Acute Pancreatitis

Acute pancreatitis is an uncommon clinical entity in children that is caused by a wide variety of etio-logical agents, the most common of which is blunt abdominal trauma. Other causes include viral infections, drugs, and hereditary abnormalities. Clinical presentation depends on the severity of the disease, but abdominal pain is invariable. Other symptoms are vomiting, fever, jaundice, and an abdominal mass if a pseudocyst is present. When pancreatitis is suspected in a child, US should be the primary imaging investigation (Berrocal et al. 1995). The most common US finding is diffuse or focal glandular enlargement and decreased echogenicity, with poorly defined borders (Fig. 1.79). Dilatation of the pancreatic duct may be present. In cases of mild pancreatitis the pancreas may appear normal on US. CT or MRI are usually reserved for patients with complications, especially those requiring intervention. CT shows diffuse pancreatic enlargement, het-

Hepatobiliary Scan
Fig. 1.78. Choledochal cyst. Transverse US scan through the liver shows a cystic mass (C) in the porta hepatis. Hepatobiliary scintigraphy confirmed communication of the cystic structure with the biliary system. P, portal vein

erogeneous attenuation, a poorly defined pancreatic contour, and peripancreatic fluid collections, which are most commonly found in the anterior pararenal space and lesser sac (Baltazhar 2002). More than one third of patients with acute pancreatitis have an initially normal CT. MRI should be preferred to CT when available because of the lack of ionizing radiation. Pseudocyst formation is the most common complication of the acute pancreatitis and b a

Reading Week Ultrasound

Fig. 1.79. Acute pancreatitis. Diffuse acute pancreatitis in a 5-year-old girl with acquired immunodeficiency syndrome. Transverse US scan through the pancreas shows a globally enlarged pancreas with diffuse decreased echogenicity and irregulars borders (arrows). Note the poor definition of the splenic vein. Gallbladder (gb), left lobe of the liver (LL)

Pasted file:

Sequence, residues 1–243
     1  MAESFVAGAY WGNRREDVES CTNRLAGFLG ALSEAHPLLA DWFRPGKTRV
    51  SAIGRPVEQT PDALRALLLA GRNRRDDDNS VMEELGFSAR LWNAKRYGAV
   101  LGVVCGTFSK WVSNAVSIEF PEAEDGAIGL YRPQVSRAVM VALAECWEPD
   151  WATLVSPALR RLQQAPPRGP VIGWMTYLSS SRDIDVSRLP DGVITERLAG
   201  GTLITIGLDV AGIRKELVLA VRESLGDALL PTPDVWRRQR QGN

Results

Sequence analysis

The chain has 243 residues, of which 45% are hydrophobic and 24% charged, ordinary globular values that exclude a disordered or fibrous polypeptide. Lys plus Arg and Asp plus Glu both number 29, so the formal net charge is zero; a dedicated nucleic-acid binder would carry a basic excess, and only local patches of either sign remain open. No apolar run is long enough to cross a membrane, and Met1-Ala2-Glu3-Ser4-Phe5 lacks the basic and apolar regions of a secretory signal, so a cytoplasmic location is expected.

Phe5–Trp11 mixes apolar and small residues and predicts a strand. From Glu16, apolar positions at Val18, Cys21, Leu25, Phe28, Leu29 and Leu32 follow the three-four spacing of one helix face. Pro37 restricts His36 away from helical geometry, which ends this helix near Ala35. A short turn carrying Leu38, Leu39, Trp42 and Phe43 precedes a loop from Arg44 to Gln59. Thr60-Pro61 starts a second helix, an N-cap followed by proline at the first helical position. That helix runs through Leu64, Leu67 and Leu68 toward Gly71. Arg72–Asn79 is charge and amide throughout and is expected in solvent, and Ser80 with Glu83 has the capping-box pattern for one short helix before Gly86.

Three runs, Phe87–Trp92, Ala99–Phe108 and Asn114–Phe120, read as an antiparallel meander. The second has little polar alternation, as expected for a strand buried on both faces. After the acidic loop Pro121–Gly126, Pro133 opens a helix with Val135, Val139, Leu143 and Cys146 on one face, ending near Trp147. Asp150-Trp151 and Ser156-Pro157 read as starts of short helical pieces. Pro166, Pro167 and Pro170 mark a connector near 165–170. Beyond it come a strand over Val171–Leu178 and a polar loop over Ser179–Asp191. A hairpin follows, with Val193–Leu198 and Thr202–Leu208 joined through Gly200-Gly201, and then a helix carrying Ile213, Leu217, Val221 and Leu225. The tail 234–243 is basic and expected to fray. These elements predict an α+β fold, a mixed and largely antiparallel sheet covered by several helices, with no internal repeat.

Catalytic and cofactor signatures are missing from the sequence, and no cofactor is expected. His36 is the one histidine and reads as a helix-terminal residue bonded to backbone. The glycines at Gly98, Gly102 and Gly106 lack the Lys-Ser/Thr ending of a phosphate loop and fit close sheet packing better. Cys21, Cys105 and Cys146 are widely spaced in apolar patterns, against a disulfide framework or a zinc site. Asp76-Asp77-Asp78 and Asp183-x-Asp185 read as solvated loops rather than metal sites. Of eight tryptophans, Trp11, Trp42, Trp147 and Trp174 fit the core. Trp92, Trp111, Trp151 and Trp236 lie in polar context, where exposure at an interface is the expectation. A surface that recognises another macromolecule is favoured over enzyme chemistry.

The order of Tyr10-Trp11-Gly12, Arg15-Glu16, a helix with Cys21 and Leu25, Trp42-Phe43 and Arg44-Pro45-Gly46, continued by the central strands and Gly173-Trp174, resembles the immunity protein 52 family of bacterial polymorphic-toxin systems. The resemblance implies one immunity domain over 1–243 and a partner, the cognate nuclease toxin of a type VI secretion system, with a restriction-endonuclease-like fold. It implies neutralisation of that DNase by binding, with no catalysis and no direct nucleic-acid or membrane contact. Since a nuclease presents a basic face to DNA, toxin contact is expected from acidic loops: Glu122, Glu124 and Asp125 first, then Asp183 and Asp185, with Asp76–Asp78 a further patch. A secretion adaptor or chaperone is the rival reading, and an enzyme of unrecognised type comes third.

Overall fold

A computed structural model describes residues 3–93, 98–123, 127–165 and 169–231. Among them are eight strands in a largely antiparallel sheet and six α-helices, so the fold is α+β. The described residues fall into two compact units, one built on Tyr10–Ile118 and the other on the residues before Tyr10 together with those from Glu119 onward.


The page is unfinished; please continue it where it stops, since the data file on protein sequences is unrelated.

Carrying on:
Fig. 1.79. Acute pancreatitis. Diffuse acute pancreatitis in a 5-year-old girl with acquired immunodeficiency syndrome. Transverse US scan through the pancreas shows a globally enlarged pancreas with diffuse decreased echogenicity and irregulars borders (arrows). Note the poor definition of the splenic vein. Gallbladder (gb), left lobe of the liver (LL)

Fig. 1.80. Pseudocyst. Transverse US scan through the pancreas shows a cystic mass (c) with posterior reinforcement anterior to the pancreatic tail (arrows). Left lobe of the liver (LL)

Fig. 1.80. Pseudocyst. Transverse US scan through the pancreas shows a cystic mass (c) with posterior reinforcement anterior to the pancreatic tail (arrows). Left lobe of the liver (LL)

they are the most usual type of cysts occurring in the pancreas. Pseudocysts may be extrapancreatic (usually in the lesser sac) or intrapancreatic, and require at least 4 weeks following an episode of acute pancreatitis. On US they appear as anechoic structures with well-defined borders and posterior reinforcement (Fig. 1.80). These lesions are usually homogeneous, and of water signal intensity on T1-weighted and T2-weighted HASTE images (Ly and Miller 2002) (Fig. 1.12b,c). Pancreatic abscesses can have imaging features similar to pseudocysts, but may be distinguished by means of the clinical history or when there is gas within the collection (Baltazhar 2002) (Fig. 1.81).

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